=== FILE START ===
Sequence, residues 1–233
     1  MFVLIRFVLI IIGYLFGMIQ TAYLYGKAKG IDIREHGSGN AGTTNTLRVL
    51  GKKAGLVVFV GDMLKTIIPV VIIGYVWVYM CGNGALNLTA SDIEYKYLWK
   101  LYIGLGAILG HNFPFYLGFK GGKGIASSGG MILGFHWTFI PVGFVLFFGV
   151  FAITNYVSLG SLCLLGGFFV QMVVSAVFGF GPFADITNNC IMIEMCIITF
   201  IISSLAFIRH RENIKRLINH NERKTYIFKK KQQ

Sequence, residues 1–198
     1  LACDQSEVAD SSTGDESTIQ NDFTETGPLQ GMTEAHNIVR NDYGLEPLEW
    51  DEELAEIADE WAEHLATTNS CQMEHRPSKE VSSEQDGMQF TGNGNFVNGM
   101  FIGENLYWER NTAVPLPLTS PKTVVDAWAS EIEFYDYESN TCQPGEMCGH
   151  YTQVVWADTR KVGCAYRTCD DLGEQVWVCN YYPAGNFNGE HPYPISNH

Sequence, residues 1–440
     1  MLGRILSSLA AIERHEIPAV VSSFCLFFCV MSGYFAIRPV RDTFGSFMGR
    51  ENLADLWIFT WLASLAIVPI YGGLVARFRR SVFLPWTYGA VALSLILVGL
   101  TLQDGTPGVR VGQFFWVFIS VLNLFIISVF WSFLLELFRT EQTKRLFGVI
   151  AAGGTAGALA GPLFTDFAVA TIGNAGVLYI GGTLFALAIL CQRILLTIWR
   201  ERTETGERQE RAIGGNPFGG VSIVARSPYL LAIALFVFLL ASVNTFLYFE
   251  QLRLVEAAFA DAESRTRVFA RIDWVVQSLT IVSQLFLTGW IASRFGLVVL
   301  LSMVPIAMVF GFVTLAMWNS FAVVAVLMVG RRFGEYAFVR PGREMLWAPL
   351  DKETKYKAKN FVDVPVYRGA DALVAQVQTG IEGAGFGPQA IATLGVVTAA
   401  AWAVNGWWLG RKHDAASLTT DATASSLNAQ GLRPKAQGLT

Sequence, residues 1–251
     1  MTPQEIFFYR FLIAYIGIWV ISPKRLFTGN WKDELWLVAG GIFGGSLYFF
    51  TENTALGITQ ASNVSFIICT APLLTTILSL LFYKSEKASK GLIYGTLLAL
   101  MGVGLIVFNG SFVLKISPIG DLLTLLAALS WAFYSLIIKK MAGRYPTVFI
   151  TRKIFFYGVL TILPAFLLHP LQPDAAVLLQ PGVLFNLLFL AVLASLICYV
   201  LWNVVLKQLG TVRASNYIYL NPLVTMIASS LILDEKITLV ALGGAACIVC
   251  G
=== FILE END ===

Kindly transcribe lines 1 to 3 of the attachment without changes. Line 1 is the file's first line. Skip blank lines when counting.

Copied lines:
Sequence, residues 1–233
     1  MFVLIRFVLI IIGYLFGMIQ TAYLYGKAKG IDIREHGSGN AGTTNTLRVL
    51  GKKAGLVVFV GDMLKTIIPV VIIGYVWVYM CGNGALNLTA SDIEYKYLWK